Complications: High Blood Pressure (Hypertension) in Pregnancy
Hypertension during pregnancy is one of the leading causes of death for the mother. The pregnant woman with high blood pressure requires close monitoring throughout her pregnancy.
Hypertension in pregnancy occurs in four forms:
- Severe Preeclampsia. The initial report of the “National High Blood Pressure Education Program Working Group Report on High Blood Pressure in Pregnancy” defines Preeclampsia as severe if one or more of the following conditions are present:
- A systolic blood pressure of 160 or higher and diastolic of 110 or higher twice, taken at least 6 hours apart
- At least 5 grams of protein in the urine in a 24-hour period, or at least 3+ protein in two random urine samples that were tested at least 4 hours apart
- The mother’s urine output is less than 500 cc in a 24-hour period
- Headaches or changes in vision are present
- Pulmonary edema (fluid in the lungs) or cyanosis
- Pain in the right upper portion of the abdomen
- Lab values that show abnormal liver function
- The baby is not growing inside of the uterus
- Chronic Hypertension. Chronic hypertension is defined as a blood pressure of 140/90 or higher before the 20th week of pregnancy, or high blood pressure that continues six weeks after delivery. Management includes close monitoring of her blood pressure, as well as close monitoring of her baby.
- Preeclampsia. Preeclampsia is a serious condition that affects approximately 3 to 6% of pregnancies. It is defined as high blood pressure plus abnormally high levels of protein in the mother’s urine (300mg or more in a 24-hour period, or greater than 1+ protein on a urine dipstick in two separate urine samples). Preeclampsia may progress to eclampsia, where the mother has a seizure. She may also develop HELLP Syndrome. Preeclampsia is caused by the interaction between the mother’s body and the placenta. There are still factors that are unclear regarding the exact mechanism behind this disorder.
- HELLP Syndrome. The mother is diagnosed with HELLP Syndrome based on lab values that show hemolysis, abnormally high liver enzymes, and a low platelet count. This syndrome can occur in circumstances other than pregnancy. It is usually identified by1:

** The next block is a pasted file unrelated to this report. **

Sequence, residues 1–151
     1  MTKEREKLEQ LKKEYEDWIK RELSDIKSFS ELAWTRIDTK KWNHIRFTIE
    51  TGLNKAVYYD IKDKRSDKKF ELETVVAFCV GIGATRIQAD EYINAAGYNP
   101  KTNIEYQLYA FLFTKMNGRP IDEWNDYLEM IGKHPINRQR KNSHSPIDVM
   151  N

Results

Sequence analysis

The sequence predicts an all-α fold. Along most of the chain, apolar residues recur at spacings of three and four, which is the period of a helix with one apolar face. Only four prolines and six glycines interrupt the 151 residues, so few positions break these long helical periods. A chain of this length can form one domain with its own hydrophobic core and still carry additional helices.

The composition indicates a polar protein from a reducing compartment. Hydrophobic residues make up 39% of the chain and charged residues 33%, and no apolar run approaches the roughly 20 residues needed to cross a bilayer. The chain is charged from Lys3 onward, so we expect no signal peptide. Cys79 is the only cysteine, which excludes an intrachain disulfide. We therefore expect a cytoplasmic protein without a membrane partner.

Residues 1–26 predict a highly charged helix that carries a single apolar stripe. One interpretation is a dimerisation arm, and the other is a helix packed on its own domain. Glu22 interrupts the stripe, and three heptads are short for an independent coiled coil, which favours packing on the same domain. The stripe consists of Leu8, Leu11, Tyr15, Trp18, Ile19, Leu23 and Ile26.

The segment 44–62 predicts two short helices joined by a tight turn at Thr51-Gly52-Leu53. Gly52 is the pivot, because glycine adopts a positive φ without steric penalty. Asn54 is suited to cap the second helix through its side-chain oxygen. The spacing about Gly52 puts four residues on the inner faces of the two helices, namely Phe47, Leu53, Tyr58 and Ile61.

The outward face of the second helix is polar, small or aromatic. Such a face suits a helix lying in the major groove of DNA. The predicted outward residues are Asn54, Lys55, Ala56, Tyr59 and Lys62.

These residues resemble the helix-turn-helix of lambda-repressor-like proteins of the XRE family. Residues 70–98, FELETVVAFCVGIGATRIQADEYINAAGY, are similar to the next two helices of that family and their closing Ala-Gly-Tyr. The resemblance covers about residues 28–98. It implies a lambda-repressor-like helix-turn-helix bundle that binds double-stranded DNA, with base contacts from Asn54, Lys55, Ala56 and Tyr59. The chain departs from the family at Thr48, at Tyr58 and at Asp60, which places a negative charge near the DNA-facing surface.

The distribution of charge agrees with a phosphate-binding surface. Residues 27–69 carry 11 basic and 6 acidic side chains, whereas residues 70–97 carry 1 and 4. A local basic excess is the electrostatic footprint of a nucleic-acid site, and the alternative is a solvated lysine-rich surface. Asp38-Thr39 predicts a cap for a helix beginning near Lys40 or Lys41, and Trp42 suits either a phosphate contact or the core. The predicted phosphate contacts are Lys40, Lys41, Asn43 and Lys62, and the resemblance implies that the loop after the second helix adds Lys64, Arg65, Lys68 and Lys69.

- Eclampsia. A woman is diagnosed as having eclampsia if she experiences a grand mal seizure.
- Preeclampsia Superimposed on Chronic High Blood Pressure. When a pregnant woman that may or may not have high blood pressure develops abnormally high levels of protein in her urine, or when her blood pressure suddenly rises, or has an increase in urine protein, she may have preeclampsia that is superimposed (added to) chronic high blood pressure. Her lab values may also show the presence of thrombocytopenia, or abnormally high liver enzymes.
- Gestational Hypertension. A woman who develops high blood pressure during her pregnancy, who may or may not have other signs of preeclampsia, is diagnosed with gestational hypertension.
Monitoring you and your baby
Because of the fact that the only known cure for gestational hypertension or preeclampsia is the delivery of the baby (specifically the placenta), careful monitoring of you and your baby must be done.
Mothers diagnosed with gestational hypertension who do not have protein in their urine and have normal lab values may receive, depending on how far you are into your pregnancy:
- An ultrasound where your baby’s estimated weight and volume of amniotic fluid will be measured. If the results are within normal limits, the tests do not have to be repeated unless there is a change in your condition.